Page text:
I Have No Expectations

Call me pessimistic, but I have no expectations — or, at least, I try not to have any. I don’t expect things to go well, and I don’t expect things to go poorly. I just try not to expect anything at all.

I didn’t used to be this way. I used to be filled to the brim with hope! I used to be, dare I say, an idealist. And I might still be one, just in a different way.
I want things to get better; I want life to go a little easier on everyone. I just don’t expect it will happen, and that has been the key to happiness for me. I think there is a difference between pursuing a better life for all and the futile act of just hoping and expecting that everything will be alright. We can work together to make a more just and peaceful society, but we shouldn’t expect our actions to match the glorious visions we create in our minds. The fact of the matter is: our minds do a downright terrible job of predicting the future. Our thoughts can try to make sense of our experiences, but, at the end of the day, what we think is not what we actually experience.

I have dealt with anxiety since as long as I can remember, and now that I have the benefit of age and increased foresight to know better, I understand that I was always using my mind to try to create my reality. I thought that, if life ever got too difficult, I could always work out a solution with my mind. The problem with that theory is that, sometimes, when things get really bad, the mind short circuits in its effort to make sense of traumatic experiences. I know now that when the rug gets pulled out from under you, the best thing to do is to go with that experience, to really feel what is happening to you in the moment.

What’s your reality when the proverbial rug gets pulled out? Your feet were on the carpet, and now your face is on the linoleum. The world was soft and comfortable beneath your feet, but now your face is cold and firmly pressed to the floor. It doesn’t feel very good. When this happens, our tendency is to overthink it.

Why am I on the floor? Who did this to me? Did someone pull the rug out from under me? I am going to figure out who did that! It is really uncomfortable on this floor. My life is so unfair.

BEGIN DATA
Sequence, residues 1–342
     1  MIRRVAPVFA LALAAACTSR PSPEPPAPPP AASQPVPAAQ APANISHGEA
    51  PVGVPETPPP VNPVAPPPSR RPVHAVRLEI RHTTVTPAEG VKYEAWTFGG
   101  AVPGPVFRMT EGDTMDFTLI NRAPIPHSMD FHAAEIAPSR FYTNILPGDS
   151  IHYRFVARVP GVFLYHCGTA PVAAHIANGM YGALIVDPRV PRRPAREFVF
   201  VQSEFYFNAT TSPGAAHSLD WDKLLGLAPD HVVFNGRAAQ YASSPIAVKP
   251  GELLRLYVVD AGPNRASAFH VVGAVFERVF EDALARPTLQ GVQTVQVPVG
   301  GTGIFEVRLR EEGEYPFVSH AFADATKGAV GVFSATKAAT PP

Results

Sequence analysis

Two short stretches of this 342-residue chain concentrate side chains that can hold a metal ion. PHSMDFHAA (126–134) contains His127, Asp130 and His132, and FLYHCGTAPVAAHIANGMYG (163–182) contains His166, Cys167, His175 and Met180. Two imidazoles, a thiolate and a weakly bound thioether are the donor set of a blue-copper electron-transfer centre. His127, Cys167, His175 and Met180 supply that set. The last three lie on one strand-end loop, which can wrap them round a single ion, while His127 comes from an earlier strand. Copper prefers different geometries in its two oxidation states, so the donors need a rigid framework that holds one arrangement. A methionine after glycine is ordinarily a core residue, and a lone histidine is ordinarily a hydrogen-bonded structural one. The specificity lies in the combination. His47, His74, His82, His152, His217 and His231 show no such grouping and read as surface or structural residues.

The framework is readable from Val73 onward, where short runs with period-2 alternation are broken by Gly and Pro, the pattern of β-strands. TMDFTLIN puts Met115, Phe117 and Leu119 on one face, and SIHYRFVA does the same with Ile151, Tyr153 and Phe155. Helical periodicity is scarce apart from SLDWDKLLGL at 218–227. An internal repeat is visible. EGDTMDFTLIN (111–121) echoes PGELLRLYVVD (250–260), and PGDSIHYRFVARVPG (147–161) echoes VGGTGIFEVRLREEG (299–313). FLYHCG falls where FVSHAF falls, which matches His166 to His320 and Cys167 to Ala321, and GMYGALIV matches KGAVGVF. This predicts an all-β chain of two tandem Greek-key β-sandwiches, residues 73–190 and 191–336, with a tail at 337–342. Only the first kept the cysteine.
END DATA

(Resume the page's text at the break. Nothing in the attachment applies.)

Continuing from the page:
But, again, what is your reality? Your reality is: you were upright, but now you are not. You are a body on a floor, nothing else.

I think it took the rug getting pulled out from under my feet enough times to realize that there is a better way to deal with life’s challenges. I learned that, for as much as I think that I will always remain upright, on solid ground, striding comfortably over the carpeted path that I have laid for myself, life has other plans.

The key to resilience is not tightening your grip, desperately trying to control an outcome; the key is letting go and acknowledging that you have no control whatsoever over any outcome. That’s a scary thought, isn’t it? No one controls anything. Sometimes, you fall and break your leg. Sometimes your coffee spills down your brand-new dress shirt. And sometimes, your cat eats her food too quickly and pukes on your pillow. It’s just how it is. It’s the thoughts that we assign to the puke-on-the-pillow moments of our lives that make us uncomfortable.

I see it every time that I run a NAMI Family-to-Family class or support group; newcomers come in expecting to find that one phrase, practice, or piece of wisdom that will make their lives easier. They enter this unfamiliar space with good intentions; their family members are very ill, and they are looking for ways to help them cope with mental illness, after all. But, after time, they learn that mental illness cannot be fixed. Instead, it is they who must learn to adapt and to cope. They learn that the more work they put into themselves, the easier their lives become. Instead of operating from a place of fear and control, they educate themselves and act from a place of compassion.
There’s an axiom I share with others, an adage I first heard when I was on the other side of the struggle, desperately trying to help a family member by attending the Family-to-Family class as a participant. The class teacher said: “All expectation is premeditated resentment.”

The words have remained with me to this day.

If you think about it, when you expect something, you are really just setting yourself up for failure; you are ensuring that you will be miserable and disappointed. When we flip the narrative and our approach to life, we prepare ourselves the best we can, but we know that nothing is certain. We can endeavor to lead healthy lives, but we know that our own physical and mental health can wax and wane from time to time. We can aggressively react to the cat-puke moments of our lives, or we can gently respond to the cat-puke moments of our lives. One places blame and judgement, the other just sees it for what it is.

So, if you are on the frigid linoleum floor, you are on the frigid linoleum floor. The carpet is still within your grasp. Stay down there, give yourself some time to rest, and take a deep breath. Then, reach over, unfurl the carpet, and put it back under your feet. Then, dust yourself off and keep walking, one step at a time.

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